I'm not 100% sure of the Mega Drive 2 details at the moment, so I'll leave that to one side for now.
The following information applies to the Mega Drive 1, which contains a 24-pin Sony chip labelled CXA-1145. (You'll need to remove the big heat sink that's attached to the two 7805 voltage regulators in order to get at it.) This chip is the composite colour encoder which converts RGB to PAL or NTSC video.
The first thing you need to do is desolder three pins of this chip - pins 5, 6 and 7 - and lift them clear of the board. (Alternatively you can just cut the pins close to the board and lift up what's left.) The idea is to disconnect these three pins from their respective board holes.
Pin 7 is easy to deal with; just connect a wire between it and pin 1 (Ground). This is the PAL/NTSC select pin; connecting it to ground enables PAL output.
Now you'll need to go to the electronics shop and buy 4 components:
4.433619MHz Crystal (a.k.a. PAL Colour crystal)
15K Resistor (metal film type)
30pF Capacitor (ceramic disc)
50pF max. Variable Capacitor (a.k.a. 50pF max. Trimmer)
If you can't find a capacitor of exactly 30pF, use a 33pF one. The trimmer max. value isn't so important, so long as it's less than about 100pF (and more than 40pF) it should be fine.
The crystal value is critical, however.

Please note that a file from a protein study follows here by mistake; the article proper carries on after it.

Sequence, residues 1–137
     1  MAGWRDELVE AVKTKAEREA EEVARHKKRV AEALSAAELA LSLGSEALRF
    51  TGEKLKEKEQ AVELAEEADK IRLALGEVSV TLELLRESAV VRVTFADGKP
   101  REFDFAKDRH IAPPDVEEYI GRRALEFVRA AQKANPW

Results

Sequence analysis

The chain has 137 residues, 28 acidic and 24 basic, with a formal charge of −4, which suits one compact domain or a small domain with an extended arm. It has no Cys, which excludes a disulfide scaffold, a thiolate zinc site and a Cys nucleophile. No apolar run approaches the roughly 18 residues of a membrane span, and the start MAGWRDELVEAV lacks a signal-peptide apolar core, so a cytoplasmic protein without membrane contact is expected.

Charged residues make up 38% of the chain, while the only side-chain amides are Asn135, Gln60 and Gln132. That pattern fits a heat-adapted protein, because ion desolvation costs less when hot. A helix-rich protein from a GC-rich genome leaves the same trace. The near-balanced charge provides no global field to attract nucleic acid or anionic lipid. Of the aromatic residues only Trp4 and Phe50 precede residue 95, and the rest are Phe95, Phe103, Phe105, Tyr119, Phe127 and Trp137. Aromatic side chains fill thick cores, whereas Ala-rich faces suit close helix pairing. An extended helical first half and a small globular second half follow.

All of these components are non-polarised, i.e. it doesn't matter which way round you connect them.
Now, the next step is to build the circuit. The rather crap diagram here:
shows how the components should be connected together; how you go about this is up to you.
Personally I would get a small piece of prototype board or Veroboard and build the circuit on that. You can just solder the legs of the components together (as shown in the diagram) if you prefer, but it won't be as neat. (Ensure the component legs aren't touching anything! Wrap in insulating tape if necessary.) Make sure you can access the variable capacitor once you've put the heatsink back on, since you'll need to adjust it...
OK, refit the heatsink, and switch on your MD with a cart inserted. You'll probably get a black and white image. Now simply adjust the variable capacitor with a screwdriver, in small increments, until you get a nice colour picture. Make sure that it works in both 50Hz and 60Hz modes.
Remember that I haven't tried this myself; you do it at your own risk! I'm simply going by the CXA-1145 spec. sheet.